Northwest Hydropower News

Reclamation to add third hydro turbine to Idaho’s Black Canyon Dam

HydroWorld.com

The U.S. Bureau of Reclamation will add a third generating unit to the 10-MW Black Canyon Diversion Dam, potentially increasing the hydropower plant’s output capacity to 22.5 MW.

 

Reclamation said the additional generating unit will “take advantage of water that typically would go over the dam”, while also giving operation flexibility when one of the existing units is shut down for maintenance.

 

The project is expected to cost about US$53 million and will be funded by the Bonneville Power Administration (BPA).

 

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Kokanee won’t run Lake Pend Oreille dam level

By Rich Landers
Spokesman Review

Kokanee no longer pack enough influence to keep the U.S. Corps of Engineers from fluctuating water levels at Lake Pend Oreille during winter.

Since 1996, the lake level behind Albeni Falls Dam has generally – not always – been kept above elevation 2,055 feet to avoid dewatering the eggs kokanee deposit in shoreline gravels until the fish hatch and can swim away.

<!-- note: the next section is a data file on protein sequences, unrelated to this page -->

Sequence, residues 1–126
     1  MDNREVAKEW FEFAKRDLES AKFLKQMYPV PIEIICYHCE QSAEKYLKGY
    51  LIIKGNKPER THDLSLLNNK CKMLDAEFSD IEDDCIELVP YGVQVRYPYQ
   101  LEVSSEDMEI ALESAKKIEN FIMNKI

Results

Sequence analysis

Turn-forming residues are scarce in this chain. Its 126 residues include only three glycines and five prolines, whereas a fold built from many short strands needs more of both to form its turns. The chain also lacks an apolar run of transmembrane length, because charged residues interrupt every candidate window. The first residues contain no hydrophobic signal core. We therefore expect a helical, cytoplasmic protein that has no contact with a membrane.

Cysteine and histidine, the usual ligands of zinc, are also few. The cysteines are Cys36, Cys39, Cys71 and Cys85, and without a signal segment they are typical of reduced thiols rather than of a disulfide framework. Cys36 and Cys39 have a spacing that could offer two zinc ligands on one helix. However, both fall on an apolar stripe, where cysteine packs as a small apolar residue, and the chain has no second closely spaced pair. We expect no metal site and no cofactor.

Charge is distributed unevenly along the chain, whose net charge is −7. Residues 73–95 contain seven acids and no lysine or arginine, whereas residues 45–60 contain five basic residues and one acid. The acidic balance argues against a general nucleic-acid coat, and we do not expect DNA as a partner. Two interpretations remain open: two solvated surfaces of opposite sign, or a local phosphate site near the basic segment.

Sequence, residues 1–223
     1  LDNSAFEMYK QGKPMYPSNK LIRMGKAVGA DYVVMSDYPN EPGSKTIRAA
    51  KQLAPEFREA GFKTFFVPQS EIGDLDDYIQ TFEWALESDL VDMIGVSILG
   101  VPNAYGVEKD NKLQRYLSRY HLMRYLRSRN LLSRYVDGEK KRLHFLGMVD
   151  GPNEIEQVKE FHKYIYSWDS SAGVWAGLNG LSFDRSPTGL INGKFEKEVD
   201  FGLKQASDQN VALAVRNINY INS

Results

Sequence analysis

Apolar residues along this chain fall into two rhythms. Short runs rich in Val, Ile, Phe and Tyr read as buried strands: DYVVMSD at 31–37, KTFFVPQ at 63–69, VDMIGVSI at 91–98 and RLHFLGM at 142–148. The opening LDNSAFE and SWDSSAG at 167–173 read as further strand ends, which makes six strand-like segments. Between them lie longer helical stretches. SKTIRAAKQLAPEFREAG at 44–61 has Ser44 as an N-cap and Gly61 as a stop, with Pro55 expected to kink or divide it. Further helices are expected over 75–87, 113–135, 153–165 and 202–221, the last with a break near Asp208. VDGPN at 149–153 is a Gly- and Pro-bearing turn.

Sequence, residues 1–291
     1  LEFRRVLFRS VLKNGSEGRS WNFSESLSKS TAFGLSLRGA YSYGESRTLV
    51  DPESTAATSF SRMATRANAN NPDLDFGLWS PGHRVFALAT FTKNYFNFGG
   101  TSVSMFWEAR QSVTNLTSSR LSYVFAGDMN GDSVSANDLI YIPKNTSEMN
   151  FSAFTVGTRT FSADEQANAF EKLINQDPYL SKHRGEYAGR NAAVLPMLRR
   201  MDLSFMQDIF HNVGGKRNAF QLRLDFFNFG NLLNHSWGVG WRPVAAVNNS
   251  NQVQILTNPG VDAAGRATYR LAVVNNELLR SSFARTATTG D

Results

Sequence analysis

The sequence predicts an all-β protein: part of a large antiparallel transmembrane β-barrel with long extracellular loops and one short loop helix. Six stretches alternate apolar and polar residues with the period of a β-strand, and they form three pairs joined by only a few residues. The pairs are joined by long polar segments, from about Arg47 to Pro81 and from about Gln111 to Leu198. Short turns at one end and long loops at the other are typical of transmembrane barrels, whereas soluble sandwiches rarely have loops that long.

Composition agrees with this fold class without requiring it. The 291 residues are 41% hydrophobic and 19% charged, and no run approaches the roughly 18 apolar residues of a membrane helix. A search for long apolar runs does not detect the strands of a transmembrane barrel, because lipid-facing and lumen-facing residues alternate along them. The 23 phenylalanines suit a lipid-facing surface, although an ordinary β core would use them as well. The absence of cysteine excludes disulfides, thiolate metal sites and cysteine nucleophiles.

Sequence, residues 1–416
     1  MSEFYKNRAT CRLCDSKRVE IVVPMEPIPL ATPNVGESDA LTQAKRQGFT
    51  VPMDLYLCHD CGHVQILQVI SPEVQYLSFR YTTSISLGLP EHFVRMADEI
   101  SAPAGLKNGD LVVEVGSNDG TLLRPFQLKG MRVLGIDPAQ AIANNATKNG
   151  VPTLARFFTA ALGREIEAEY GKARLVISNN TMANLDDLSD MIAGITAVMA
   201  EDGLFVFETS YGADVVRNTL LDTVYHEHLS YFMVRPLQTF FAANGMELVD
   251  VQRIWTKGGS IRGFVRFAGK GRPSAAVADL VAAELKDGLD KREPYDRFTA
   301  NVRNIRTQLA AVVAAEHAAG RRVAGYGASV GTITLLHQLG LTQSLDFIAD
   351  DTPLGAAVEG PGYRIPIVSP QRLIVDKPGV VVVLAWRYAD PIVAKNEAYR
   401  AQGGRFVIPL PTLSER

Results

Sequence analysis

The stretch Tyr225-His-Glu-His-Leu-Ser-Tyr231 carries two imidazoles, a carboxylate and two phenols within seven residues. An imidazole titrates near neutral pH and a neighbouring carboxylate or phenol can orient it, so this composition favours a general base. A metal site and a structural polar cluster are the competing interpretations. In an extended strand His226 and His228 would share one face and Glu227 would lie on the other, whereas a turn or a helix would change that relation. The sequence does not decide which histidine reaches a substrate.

But despite years of research, the Idaho Fish and Game Department has not been able to positively show that maintaining higher winter levels results in better production from wild kokanee eggs, said Jim Fredericks, department regional fisheries manager.

That means the lake levels are likely to fluctuate between elevations of 2,055 and the minimum level of 2,051 feet this winter depending on weather and power demands. Read more

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Avista strikes deal to acquire electric utility in Alaska

By Becky Kramer
Spokesman Review

Avista Corp. is moving into the Alaska market through the planned purchase of an electric utility serving the Juneau area.

In a deal announced Monday, Avista will acquire Alaska Electric Light and Power’s parent company through a $170 million stock transaction. The sale is expected to close by July 1, subject to regulatory approvals.

“It gives us a small utility in Juneau” whose power generation is nearly 100 percent renewable, said Jessie Wuerst, an Avista spokesman. Read more

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PUD declares emergency for dam repairs

By Christine Pratt
Wenatchee World

WENATCHEE — The Chelan County PUD’s top-priority repair has the powerhouse floor of Rocky Reach Dam looking something like a highly specialized yard sale.

Turbine blades, bronze bushings the size of ottomans, boxes filled with jumbo-sized nuts and bolts and other, far larger dam components with names that make sense only to engineers and hydromechanics are spread out for inspection.

Off to the side, a stout, pipe-like stainless steel rod some 30 inches in diameter and 12 feet long lies on its side displaying a hairline crack that has halted four of the dam’s 11 generators, cut the PUD’s generating capacity by a quarter, and set in motion an all-hands-on-deck effort to get the units spinning again.